Another article has appeared on the topic of SEO and Usability and how these two different skill sets benefit each other. The latest, Usability and SEO. Which comes First?, written for Search Engine Watch by Eric Enge, caught my eye because he wrote:
"What I want to emphasize here is one key point: Usability comes first, and SEO comes second."
It's funny to hear that statement coming from a professional SEO.
In the late 1990's, when I offered search engine optimization services, I didn't get the call for help until the web site was launched and swimming for dear life in the pool of search engine results. In those days, there were lots of search engines yet SEO came last. It came after the design and after the people who were intended to use it..if they ever found it, that is.
During the past ten years there's been a drastic improvement in the amount of companies who accept the need to work search engine marketing techniques into their web sites. User centered, persuasive design on the other hand, are still just whispers in the wind. Will it take another ten years for usability and accessibility to be as justified a expense as marketing is for a web site property?
What opened my eyes was working in user interface design and discovering that usability came last, even AFTER SEO. It was always a pleasant surprise to hear someone on the design team inquire about image alt attributes or fuss over page title tags. Unfortunately, I realized they only knew these things mattered because some of them owned their own personal web sites. It wasn't something the company demanded for itself, they were just lucky enough to land web site designers that had their acts together.
User centered design still gets shoved around. As it makes its way into the world of search engine marketing, the experience reminds me of the game "Red Light, Green Light". The caller yells, "Green light!" and everybody runs forward with confidence trying to get to the finish line first. Then the caller shouts, "Red light!" and suddenly everyone stops. They have to hold their position. They can't breathe or giggle as they wait for their next instruction.
I was recently part of a conversation where a man was describing his company's future plans. They currently sell products online locally and are now moving into a neighboring country. After this they plan on going global.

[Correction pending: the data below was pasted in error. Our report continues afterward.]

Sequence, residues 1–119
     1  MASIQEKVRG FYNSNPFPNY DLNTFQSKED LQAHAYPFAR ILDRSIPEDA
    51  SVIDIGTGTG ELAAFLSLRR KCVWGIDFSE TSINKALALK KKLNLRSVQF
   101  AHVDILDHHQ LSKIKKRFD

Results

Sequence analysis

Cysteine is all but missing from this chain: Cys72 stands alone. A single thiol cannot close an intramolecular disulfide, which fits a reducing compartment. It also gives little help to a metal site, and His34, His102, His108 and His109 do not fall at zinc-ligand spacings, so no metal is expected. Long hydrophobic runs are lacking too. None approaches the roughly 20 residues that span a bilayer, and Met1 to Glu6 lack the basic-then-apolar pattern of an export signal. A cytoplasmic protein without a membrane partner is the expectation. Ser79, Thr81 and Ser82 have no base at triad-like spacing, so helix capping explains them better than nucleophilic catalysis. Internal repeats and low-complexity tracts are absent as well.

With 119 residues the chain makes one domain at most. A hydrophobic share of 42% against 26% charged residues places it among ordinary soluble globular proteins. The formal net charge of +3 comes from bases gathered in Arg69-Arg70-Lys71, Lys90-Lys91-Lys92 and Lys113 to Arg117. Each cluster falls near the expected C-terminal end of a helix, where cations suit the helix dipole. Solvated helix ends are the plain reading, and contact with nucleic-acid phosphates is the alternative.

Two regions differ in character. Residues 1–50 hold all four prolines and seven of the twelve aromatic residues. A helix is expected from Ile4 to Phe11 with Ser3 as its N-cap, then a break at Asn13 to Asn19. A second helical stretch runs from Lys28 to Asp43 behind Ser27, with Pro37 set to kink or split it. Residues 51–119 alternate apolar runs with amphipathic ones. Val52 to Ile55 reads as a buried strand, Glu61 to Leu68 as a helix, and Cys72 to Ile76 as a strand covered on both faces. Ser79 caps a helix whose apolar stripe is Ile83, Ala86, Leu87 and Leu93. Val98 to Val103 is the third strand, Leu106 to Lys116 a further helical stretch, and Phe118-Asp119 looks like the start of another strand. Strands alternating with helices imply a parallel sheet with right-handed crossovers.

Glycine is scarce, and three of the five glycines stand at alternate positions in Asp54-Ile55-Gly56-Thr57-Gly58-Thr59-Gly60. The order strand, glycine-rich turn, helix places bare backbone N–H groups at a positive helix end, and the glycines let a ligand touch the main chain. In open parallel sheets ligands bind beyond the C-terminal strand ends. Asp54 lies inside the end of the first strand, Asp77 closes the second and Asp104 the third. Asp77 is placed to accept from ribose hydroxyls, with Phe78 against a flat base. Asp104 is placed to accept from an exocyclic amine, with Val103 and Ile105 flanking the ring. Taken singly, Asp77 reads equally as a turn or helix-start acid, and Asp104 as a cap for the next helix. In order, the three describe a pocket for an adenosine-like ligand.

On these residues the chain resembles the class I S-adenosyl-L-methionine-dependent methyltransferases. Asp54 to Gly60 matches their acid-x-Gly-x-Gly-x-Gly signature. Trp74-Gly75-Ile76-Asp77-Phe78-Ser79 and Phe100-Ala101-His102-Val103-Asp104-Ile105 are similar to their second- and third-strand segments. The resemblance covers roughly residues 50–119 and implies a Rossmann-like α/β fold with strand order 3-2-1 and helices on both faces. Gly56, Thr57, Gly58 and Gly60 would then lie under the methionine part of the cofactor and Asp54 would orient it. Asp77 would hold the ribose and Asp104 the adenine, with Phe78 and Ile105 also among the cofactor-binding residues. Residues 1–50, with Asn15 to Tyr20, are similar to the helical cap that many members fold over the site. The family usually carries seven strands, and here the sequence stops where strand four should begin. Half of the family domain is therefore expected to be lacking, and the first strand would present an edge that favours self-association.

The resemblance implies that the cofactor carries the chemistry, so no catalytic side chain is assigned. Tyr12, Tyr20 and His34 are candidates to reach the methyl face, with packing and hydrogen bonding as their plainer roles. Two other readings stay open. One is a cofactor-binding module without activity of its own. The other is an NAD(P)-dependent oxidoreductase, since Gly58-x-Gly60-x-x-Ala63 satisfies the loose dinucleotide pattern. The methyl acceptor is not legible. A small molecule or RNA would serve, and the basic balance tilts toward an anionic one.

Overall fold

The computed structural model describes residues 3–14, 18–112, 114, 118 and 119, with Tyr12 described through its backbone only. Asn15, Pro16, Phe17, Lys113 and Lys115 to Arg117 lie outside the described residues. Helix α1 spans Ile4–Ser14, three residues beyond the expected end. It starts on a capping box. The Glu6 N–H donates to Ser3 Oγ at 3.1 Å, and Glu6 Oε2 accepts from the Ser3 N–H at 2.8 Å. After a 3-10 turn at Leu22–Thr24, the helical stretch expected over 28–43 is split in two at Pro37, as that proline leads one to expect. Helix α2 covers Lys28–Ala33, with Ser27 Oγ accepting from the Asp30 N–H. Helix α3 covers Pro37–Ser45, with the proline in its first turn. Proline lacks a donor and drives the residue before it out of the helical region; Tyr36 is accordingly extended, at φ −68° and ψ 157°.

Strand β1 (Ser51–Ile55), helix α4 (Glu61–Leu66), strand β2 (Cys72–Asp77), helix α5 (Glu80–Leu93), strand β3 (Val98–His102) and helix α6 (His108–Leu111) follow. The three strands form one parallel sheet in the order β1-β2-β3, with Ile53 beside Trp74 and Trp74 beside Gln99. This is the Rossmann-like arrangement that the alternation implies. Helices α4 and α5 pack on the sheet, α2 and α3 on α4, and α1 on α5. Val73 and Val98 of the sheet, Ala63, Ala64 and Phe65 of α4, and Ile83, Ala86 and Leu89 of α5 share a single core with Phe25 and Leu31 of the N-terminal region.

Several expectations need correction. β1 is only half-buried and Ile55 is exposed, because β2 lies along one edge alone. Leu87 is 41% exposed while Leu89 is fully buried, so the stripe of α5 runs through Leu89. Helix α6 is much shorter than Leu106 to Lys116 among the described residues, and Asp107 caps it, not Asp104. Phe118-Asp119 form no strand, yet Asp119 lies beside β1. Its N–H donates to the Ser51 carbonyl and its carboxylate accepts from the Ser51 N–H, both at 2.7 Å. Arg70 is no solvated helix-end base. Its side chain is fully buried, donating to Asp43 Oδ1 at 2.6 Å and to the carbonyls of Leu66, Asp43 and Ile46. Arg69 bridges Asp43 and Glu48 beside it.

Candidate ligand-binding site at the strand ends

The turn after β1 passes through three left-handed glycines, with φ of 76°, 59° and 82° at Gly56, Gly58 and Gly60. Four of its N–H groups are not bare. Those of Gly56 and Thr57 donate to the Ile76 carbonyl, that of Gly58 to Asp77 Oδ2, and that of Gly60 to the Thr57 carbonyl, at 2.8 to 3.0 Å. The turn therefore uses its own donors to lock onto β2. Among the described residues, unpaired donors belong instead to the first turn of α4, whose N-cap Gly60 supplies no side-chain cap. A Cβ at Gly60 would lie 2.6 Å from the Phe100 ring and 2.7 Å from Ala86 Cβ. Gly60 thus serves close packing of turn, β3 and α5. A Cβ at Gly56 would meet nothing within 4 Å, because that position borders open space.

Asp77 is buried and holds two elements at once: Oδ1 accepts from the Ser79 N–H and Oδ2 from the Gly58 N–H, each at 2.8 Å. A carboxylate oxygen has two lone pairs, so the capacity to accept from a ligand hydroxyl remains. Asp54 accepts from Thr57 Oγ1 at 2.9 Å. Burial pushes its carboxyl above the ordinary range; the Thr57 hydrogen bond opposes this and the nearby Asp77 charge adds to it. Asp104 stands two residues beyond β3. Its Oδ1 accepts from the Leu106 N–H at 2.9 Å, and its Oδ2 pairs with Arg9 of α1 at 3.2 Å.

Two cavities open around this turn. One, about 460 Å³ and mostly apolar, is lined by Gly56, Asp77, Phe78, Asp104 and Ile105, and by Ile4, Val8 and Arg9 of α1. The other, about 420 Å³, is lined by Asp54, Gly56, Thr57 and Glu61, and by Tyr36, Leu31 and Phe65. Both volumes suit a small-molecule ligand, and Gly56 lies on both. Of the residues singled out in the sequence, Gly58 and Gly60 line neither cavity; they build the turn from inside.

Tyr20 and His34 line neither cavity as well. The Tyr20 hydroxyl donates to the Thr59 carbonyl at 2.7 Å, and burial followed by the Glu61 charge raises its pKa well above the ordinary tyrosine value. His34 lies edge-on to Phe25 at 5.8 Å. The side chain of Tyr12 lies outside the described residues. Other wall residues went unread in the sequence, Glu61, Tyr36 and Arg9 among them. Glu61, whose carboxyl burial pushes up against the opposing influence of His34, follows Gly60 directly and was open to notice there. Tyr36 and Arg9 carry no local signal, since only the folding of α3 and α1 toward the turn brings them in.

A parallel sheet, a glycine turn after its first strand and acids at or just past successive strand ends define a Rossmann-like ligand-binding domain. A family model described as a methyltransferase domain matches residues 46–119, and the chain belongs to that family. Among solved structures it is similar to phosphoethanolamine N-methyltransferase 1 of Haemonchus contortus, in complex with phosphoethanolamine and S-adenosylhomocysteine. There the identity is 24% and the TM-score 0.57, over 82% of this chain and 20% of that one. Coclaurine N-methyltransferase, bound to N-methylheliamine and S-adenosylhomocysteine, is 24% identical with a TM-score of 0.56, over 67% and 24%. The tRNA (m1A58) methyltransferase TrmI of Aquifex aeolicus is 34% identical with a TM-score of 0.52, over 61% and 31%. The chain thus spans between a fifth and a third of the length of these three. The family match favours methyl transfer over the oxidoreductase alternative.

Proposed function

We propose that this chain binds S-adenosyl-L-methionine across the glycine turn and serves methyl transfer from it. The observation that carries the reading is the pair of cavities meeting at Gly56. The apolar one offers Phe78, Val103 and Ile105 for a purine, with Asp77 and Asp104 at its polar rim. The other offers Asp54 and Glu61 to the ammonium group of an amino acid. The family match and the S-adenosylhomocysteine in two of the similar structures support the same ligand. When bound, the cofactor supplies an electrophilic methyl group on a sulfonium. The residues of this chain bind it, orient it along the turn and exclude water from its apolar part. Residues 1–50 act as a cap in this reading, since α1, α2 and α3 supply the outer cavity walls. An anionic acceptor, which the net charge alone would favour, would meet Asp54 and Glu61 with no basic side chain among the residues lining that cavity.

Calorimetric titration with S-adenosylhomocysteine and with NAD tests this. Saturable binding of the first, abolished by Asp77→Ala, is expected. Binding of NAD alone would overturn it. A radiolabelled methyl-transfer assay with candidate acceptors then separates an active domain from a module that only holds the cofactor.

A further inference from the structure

As he describes it, they have no usability person in the entire company. They have search engine marketers. But they have no idea how to sell online internationally. They don't understand what browsers are popular outside the USA. They don't know how to make forms usable for global customers. User behavior and habits vary by culture, even down to how web pages are read. They assume their present website will work everywhere. I see this constantly and wonder how some corporations survive with such tunnel vision.
Usability is misunderstood and therefore not even considered a worthwhile investment until sales stop, or worse a lawsuit appears by someone unable to use the site.
It's Not Who Goes First
Whenever I see phrases like "Usability is first, SEO is second" or "SEO is first, usability is second", or "SEO doesn't need usability", I lament the air of competition these sentiments set up.
Both disciplines are vital to the success of your web site. They are equal partners in the road to success.
Usability, accessibility and search engine marketing practices are united partners because they're focused on the web site visitor. We can all walk up to these customers and shake their hand together.
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Kimberly Krause Berg is the owner of Cre8pc.com, Cre8asiteForums.com and co-founder of Cre8asite Webmaster Resources Directory.
Kim's career began in 1996 as the Webmaster for an Internet magazine publishing company. Later, while working for "dotcoms", she built websites, incorporated search engine optimization and performed Internet software application usability/user interface testing. For years she freelanced on the side by performing search engine optimization services via Cre8pc.com. Now a self-employed usability/SEO consultant, this mother of 2 is an advocate for home and small businesses. She specializes in what she calls the "marriage between search engine optimization and usability" and to that end offers Cre8pc and Cre8asiteForums as teaching sites.
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